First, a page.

Double Entry Accounting

Definition

The term double-entry accounting refers to the rules by which transactions and events are recorded.  Double-entry accounting specifies that for every entry appearing on the left side (debit) of an account, there needs to be a corresponding entry on the right hand side (credit) of an account.

Explanation

There are five high-level accounts that appear on either the balance sheet or income statement:  assets, liabilities, owner's equity, revenues and expenses.  Debits appear on the left hand side of these accounts, while credits appear on the right.  Each time a transaction or event is recorded on the left hand side (debit), there needs to be a corresponding transaction or event recorded on the right hand side (credit) of an account.

Assets and expenses are increased using debits and decreased using credits; while liabilities, owner's equity, and revenues are decreased using debits and increased using credits. The double-entry relationship appears in the tables below:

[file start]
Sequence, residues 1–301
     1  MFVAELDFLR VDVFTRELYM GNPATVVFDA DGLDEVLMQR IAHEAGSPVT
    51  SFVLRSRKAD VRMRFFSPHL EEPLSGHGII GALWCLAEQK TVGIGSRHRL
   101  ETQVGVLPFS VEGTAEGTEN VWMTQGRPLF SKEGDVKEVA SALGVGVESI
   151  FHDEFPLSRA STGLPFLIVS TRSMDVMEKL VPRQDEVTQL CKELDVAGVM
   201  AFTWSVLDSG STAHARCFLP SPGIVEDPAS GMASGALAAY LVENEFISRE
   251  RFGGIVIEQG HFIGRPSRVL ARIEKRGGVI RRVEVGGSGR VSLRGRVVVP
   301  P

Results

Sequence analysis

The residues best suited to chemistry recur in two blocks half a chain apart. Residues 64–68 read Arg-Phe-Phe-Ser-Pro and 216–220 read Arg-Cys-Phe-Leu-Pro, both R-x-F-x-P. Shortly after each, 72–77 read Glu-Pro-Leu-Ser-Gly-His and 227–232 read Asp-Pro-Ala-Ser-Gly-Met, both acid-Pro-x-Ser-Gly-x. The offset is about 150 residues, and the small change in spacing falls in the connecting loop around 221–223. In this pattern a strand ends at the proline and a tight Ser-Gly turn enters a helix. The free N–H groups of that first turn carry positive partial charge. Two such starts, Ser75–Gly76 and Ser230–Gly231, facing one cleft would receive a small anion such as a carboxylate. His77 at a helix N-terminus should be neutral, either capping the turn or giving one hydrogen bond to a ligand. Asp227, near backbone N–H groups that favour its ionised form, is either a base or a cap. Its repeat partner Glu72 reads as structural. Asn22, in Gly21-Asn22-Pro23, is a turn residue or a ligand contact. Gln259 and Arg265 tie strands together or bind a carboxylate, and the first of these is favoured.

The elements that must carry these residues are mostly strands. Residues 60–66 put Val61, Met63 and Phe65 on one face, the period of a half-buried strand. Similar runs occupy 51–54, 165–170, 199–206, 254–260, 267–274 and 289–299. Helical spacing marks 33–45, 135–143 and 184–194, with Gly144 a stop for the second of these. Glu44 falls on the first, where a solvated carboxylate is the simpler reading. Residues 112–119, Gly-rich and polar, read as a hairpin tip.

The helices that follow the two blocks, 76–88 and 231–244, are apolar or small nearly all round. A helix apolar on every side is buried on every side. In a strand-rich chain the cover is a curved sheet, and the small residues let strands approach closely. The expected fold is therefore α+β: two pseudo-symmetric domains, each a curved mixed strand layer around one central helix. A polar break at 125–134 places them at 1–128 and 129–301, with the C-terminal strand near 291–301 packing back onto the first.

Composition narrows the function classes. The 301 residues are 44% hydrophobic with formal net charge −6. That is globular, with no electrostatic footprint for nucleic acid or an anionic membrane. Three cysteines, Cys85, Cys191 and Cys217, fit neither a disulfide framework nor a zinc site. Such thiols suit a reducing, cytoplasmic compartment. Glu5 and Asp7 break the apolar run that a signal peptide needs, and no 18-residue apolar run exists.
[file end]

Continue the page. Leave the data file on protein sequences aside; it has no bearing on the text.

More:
Asset / Expense   Liability / Owner's Equity / Revenue
Debit Credit   Debit Credit
Increase (+) Decrease (-)   Decrease (-) Increase (+)

Example

Company A uses cash (an asset) to pay off a short term liability of $5,000.  The double-entry records of this event would be a credit to cash of -$5,000 and a debit to short term liabilities of $5,000 as shown below:

 

Asset (Cash)   Liability (Short-Term Liabilities)
  Credit   Debit  
  -5,000   5,000  

 An illustration of the double entry system appears below:

Double Entry Accounting

Related Terms

events and transactions, income statement, balance sheet, real and nominal accounts, accounting cycle, double-entry accounting, journalization